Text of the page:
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Masvingo Governor Puts Restrictions on 45 NGOs

MASVINGO - RESIDENT Minister and Governor Titus Maluleke summoned over 45 NGOs to an ad hoc two hour meeting to announce wide ranging restrictions on their work which began at 10 am on Friday, March 1, 2013, at his Benjamin Burombo Offices in the country's oldest town of Masvingo.

 

Maluleke was flanked by the Assistant Provincial Policing Officer, deputy Provincial CIO boss and Assistant Provincial Administrator Chitsika when he read the riot act to the NGOs, announcing that such meetings would be a routine monthly occurrence.

 

The Governor, who once banned 29 non-governmental organisations in February 2012 in the province, is said to have called the latest meeting on a short notice.

 

NGO leaders who attended the meeting were reportedly subjected to a roll-call where they were one after another coerced to reveal their work plans and partners. They were also told     that from now onwards they should work with government departments and the security sector in all their projects.

 

Community Tolerance Reconciliation and Development (COTRAD) Coordinator Gamuchirai Mukura spoke to the Crisis Report Team soon after the meeting.

 

"We were told that NGOs should now work with the district police officers and line ministries in implementing our programs.

"They told us they are going to be monitoring our donors and what programs we are being funded for and what programs we are doing, saying NGOs should not be involved in election related programs. €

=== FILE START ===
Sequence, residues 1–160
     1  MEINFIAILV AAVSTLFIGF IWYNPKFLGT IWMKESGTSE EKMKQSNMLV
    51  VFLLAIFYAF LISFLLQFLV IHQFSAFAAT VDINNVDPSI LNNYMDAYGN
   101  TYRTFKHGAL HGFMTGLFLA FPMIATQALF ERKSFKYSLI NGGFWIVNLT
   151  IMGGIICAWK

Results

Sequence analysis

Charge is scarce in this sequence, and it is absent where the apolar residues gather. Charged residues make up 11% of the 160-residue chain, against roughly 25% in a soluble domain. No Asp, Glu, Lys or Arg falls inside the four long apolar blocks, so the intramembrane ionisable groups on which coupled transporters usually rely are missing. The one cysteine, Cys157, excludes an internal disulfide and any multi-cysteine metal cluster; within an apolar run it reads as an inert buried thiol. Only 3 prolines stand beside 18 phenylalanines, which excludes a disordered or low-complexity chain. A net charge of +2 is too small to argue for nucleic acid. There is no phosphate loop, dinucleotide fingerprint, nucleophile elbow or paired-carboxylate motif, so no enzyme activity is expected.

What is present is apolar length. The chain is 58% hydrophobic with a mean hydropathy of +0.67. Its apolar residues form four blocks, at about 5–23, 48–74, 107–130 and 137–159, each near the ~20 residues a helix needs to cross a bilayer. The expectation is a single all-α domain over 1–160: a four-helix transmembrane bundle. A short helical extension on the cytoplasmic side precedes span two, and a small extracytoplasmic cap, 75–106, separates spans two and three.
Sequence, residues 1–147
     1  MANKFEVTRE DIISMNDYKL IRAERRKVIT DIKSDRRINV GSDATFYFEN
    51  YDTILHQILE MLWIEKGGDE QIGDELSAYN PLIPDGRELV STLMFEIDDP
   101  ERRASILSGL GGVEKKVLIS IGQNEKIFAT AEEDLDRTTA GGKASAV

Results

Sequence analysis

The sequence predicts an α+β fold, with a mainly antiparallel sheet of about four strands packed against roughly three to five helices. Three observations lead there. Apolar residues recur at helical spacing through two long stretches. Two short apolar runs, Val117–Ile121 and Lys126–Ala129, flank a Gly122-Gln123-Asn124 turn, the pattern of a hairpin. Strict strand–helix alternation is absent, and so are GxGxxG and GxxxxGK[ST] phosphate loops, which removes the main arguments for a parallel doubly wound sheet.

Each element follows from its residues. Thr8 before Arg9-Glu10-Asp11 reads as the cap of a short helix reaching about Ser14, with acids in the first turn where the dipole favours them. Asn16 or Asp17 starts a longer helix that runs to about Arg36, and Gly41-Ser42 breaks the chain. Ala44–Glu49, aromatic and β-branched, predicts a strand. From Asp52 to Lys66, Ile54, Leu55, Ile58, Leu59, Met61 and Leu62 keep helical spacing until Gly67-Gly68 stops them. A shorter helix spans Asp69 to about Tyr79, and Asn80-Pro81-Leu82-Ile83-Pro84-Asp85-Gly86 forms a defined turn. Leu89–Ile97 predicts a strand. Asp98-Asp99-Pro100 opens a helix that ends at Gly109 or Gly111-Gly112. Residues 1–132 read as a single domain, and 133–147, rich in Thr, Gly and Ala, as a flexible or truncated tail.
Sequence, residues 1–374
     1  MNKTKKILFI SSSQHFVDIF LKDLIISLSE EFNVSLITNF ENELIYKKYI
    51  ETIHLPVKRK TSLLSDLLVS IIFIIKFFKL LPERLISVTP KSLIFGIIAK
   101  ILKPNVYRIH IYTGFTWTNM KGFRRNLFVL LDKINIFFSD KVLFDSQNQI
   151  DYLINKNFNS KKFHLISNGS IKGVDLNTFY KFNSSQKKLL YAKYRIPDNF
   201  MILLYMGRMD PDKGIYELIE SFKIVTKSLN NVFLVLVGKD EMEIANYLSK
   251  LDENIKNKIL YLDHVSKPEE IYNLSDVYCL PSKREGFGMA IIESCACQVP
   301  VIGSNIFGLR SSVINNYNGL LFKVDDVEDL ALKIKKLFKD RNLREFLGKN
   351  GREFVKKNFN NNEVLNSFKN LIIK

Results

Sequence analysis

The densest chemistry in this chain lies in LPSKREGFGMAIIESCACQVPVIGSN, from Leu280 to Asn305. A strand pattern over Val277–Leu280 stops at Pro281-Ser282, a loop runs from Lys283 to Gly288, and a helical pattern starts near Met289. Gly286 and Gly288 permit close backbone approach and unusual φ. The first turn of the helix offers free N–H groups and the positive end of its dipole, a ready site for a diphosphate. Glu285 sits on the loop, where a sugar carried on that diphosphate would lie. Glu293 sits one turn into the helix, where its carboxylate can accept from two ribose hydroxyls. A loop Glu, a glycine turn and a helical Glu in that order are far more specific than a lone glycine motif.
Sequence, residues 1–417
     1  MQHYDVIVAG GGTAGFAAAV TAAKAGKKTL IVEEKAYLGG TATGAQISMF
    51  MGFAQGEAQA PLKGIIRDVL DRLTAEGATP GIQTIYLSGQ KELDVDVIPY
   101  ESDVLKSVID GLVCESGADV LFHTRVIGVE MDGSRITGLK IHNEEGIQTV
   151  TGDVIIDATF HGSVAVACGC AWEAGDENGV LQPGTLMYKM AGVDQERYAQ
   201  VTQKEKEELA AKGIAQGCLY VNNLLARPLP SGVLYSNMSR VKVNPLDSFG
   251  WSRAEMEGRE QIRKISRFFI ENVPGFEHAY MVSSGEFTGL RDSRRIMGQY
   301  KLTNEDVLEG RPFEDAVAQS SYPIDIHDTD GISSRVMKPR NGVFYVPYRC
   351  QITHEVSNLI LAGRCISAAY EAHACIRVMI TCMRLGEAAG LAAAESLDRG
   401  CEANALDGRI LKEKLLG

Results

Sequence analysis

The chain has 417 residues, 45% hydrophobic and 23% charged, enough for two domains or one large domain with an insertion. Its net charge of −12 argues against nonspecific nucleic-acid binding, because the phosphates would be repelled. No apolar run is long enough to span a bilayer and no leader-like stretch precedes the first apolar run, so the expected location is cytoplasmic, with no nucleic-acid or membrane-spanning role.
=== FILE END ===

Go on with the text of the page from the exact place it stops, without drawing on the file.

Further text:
Mukura said the latest developments signified that the State was sounding new depths in its attempt to close space for NGOs as the country heads for the crucial constitutional referendum on March 16 and harmonised elections expected later in 2013.

 

"These series of meetings will clearly be used as a platform to strangle and suffocate NGO work in Masvingo ahead of the forthcoming elections.

"The dimension the crackdown is taking has become multi-faceted in order for the ploy to be successful.

"This is evidenced by the deliberate involvement of administrators and the security sector in thwarting NGO work.

"We are worried what kind of a system is that. We don't think that will happen in a true democracy because it infringes on the independence of non-governmental organisations.

"We expect that NGOs should be autonomous organisations which   are supposed to be implementing what the government cannot do, € said Mukura.

 

The rush meeting comes hard on the heels of arrests of civil society staffers and raids and break-ins on the premises of non-governmental organisations in the town which affected NANGO, ZESN, COTRAD and ZPP.

 

The actions by Maluleke, like the widespread raids on NGOs involving the police are believed to have been triggered by the resolution made by Zanu-PF at its 13th annual National People's Conference in Gweru in December 2012. The resolution stipulated that ZANU PF would, if need be, urge government to shut down all NGOs alleged to be errant and detouring from their mandate.

 

It is believed the ban on 29 organisations in February 2012, which civil society branded illegal in a joint statement, was motivated by the resolution made by the party as its 12th annual People's Conference in Bulawayo in December 2013.

 

In a closely related development, a humanitarian organisation which gives food relief to the vulnerable communities, CARE Zimbabwe International has reportedly suspended its activities in Chivi District in Masvingo Province.

 

The non-governmental organisation reportedly cited some complications and hurdles in dealing with the Masvingo Provincial Administrator's office in a development which could see many families being exposed to hunger.

 

Masvingo is one of the hot and arid regions in the country prone to droughts and food shortages.

 

The developments in Masvingo are part of an ongoing blitzkrieg on NGOs which has seen nine organisations being raided since August 2012 and confiscation of radios from community members.

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